Stepping Out

Film

Musicals

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<strong>Rating: </strong><span class='lf-avgRating'>5</span>/5
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Time Out says

Schlepping out, more like. Another feel-good movie to follow Shirley Valentine, this is set in a New York dance class run by feisty coulda-been Mavis (Minnelli), who had her week of glory understudying on Broadway. Now, her career hampered by her boyfriend's ego, fulfilment lies in teaching a lovable bunch of stereotypes and social inadequates under the steely eye of cantankerous pianist Winters. Asked to stage a routine for a charity show, Mavis has to whip these no-hopers into a crack corps de tap. This isn't a Willy Russell job, but the rules are the same: plain folk overcome problems in one life-affirming moment, braving the disapproval of society and/or him at home. There's little room for a strong cast to manoeuvre. Minnelli plies her gamine act likeably, although when it comes to her big 'what good is it sitting alone in your room' closer, tacked on as a cynical box-office sop, she's the same old Liza with a Zzzz. Gilbert opens up Richard Harris' church-hall bound stage play with all the visual flair of a sitcom episode.
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Release details

UK release:

1991

Duration:

110 mins

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<strong>Rating: </strong><span class='lf-avgRating'>0</span>/5

Average User Rating

5 / 5

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Chris Cambs

This film was panned. It was panned by the writer of the stage play, Richard Harris, who hated the savage re-write of his work. It was panned by some of the actors, who didn't want to be associated with a critical flop. And it's been panned here too. So, it's no good then? Wrong!! I saw this film when it first opened. I, along with the entire audience, laughed so hard I got stomach cramps. I returned to the cinema three times more to get another dose of fun and pathos. The cinema was crowded out every time. This film has incredible humour and penetrating drama; some parts are creepy - especially Patrick (Mavis's partner) and Andy's hubby - really nasty. The actors, especially Julie Walters, Shelley Winters and Bill Irwin, are superb. Liza Minellis, despite fluffing a couple of lines, is terrific. The entire cast is wonderful; ordinary and yet extraordinary in their portrayals of unrealistic expectations, frustrated dreams and dull, mundane lives transformed by a weekly dance class. If you get the chance to see it, do so. If you don't get the chance, you've missed out. Get the film from somewhere, somehow and enjoy!! Oh, and as a PS, ignore the professional critics.....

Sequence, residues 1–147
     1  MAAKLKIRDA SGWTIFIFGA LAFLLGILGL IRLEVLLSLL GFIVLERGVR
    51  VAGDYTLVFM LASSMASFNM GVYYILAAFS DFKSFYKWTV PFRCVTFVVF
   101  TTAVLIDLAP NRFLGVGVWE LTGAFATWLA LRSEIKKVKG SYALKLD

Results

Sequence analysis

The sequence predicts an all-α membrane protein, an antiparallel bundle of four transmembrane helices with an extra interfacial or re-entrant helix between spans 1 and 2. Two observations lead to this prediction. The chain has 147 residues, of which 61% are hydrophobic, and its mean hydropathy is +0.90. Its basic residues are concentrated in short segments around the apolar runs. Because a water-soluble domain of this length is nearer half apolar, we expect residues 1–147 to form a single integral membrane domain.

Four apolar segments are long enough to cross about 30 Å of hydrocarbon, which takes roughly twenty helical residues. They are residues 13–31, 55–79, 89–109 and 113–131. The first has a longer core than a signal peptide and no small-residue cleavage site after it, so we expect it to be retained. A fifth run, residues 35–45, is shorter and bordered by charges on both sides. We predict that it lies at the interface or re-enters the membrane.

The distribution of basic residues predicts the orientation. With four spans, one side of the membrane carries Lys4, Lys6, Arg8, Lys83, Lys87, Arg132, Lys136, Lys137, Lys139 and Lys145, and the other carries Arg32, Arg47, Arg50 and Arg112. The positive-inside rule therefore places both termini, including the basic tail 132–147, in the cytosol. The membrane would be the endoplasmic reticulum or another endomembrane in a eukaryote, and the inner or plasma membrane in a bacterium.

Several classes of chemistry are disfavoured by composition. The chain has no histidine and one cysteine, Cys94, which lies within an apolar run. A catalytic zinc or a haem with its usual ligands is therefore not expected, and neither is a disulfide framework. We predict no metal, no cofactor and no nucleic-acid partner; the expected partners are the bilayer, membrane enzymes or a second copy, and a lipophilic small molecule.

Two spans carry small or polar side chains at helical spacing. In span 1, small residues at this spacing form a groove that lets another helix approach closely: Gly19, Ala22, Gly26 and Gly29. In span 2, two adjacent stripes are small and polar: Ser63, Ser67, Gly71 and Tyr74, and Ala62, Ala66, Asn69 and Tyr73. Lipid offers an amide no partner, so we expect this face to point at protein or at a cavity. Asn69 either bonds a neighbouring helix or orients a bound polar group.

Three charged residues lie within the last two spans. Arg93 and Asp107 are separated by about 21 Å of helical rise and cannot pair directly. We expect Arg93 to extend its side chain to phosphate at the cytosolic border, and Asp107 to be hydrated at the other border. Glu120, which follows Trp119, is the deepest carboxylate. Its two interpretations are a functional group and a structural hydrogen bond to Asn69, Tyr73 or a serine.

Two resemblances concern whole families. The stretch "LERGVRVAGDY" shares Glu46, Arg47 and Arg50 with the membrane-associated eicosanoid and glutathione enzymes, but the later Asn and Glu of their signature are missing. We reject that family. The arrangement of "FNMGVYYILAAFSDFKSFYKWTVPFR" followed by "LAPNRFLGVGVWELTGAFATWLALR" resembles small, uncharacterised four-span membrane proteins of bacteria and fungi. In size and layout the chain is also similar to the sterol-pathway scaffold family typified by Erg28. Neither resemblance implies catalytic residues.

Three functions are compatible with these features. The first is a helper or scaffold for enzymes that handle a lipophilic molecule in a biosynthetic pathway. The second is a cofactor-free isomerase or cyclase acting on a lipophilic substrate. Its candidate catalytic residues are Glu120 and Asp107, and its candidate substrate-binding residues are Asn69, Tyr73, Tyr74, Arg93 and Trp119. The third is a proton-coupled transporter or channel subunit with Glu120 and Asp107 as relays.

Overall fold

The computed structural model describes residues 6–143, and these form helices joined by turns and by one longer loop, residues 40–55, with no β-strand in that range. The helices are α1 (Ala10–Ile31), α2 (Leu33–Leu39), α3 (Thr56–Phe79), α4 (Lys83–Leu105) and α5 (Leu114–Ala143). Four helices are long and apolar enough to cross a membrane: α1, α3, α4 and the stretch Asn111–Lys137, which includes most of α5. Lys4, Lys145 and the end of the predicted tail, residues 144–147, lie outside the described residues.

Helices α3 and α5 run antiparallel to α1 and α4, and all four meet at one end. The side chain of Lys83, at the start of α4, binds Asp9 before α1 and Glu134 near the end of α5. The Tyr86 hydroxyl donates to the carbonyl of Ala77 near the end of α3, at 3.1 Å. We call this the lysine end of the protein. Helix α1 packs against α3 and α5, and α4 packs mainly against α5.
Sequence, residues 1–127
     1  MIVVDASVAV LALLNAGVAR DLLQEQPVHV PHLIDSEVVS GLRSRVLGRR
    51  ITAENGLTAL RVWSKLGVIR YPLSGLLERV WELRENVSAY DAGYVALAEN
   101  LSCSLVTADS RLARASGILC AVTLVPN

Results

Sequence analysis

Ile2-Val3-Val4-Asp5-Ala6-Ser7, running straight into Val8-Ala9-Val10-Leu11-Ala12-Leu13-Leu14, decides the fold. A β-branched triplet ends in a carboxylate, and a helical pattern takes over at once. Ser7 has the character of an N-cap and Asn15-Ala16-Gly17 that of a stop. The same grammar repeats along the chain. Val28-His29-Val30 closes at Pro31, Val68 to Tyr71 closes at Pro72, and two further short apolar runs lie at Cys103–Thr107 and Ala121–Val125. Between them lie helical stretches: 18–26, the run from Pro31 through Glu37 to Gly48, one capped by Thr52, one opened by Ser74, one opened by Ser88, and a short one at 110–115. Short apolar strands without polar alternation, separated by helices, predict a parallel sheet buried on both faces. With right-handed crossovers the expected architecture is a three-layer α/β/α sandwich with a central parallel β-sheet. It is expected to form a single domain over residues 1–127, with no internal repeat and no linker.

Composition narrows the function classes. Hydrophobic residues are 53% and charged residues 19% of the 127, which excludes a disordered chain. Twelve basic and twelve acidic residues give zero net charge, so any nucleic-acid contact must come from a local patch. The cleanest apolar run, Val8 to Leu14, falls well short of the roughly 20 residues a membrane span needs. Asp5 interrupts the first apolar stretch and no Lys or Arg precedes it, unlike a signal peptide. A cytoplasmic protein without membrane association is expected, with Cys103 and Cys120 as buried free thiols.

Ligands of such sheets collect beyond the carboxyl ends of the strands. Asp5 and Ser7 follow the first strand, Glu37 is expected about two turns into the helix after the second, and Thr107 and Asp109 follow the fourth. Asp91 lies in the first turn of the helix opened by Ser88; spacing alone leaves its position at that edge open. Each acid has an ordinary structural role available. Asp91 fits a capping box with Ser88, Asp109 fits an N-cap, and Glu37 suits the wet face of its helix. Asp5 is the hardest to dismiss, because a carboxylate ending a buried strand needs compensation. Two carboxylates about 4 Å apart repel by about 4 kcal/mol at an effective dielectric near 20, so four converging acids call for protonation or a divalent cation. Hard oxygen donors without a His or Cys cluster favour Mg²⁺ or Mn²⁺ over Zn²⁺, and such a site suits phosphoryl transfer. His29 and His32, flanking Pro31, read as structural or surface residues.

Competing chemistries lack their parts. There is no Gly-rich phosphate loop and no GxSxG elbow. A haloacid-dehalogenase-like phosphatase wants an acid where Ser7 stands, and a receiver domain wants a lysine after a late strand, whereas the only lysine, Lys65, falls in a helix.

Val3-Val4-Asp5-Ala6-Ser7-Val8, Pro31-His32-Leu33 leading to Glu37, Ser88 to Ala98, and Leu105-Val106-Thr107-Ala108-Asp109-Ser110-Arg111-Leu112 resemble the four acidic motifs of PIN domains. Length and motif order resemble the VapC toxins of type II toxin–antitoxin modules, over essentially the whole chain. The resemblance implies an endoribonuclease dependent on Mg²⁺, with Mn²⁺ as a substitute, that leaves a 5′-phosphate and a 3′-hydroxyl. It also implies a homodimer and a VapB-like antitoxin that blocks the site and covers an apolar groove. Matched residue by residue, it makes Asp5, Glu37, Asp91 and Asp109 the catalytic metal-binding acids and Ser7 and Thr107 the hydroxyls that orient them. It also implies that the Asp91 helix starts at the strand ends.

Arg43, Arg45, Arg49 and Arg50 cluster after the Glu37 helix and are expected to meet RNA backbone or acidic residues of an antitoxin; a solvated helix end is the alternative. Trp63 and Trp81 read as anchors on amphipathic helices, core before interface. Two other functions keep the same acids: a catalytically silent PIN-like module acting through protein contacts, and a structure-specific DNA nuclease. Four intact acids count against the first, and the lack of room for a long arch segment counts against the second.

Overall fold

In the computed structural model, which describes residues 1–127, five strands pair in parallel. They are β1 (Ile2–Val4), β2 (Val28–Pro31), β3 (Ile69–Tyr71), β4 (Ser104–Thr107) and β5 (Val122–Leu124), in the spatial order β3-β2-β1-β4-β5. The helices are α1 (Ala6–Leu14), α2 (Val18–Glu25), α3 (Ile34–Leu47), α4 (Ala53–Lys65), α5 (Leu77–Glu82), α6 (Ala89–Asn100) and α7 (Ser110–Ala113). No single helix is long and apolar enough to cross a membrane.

Chris Cambs

This film was panned. It was panned by the writer of the stage play, Richard Harris, who hated the savage re-write of his work. It was panned by some of the actors, who didn't want to be associated with a critical flop. And it's been panned here too. So, it's no good then? Wrong!! I saw this film when it first opened. I, along with the entire audience, laughed so hard I got stomach cramps. I returned to the cinema three times more to get another dose of fun and pathos. The cinema was crowded out every time. This film has incredible humour and penetrating drama; some parts are creepy - especially Patrick (Mavis's partner) and Andy's hubby - really nasty. The actors, especially Julie Walters, Shelley Winters and Bill Irwin, are superb. Liza Minellis, despite fluffing a couple of lines, is terrific. The entire cast is wonderful; ordinary and yet extraordinary in their portrayals of unrealistic expectations, frustrated dreams and dull, mundane lives transformed by a weekly dance class. If you get the chance to see it, do so. If you don't get the chance, you've missed out. Get the film from somewhere, somehow and enjoy!! Oh, and as a PS, ignore the professional critics.....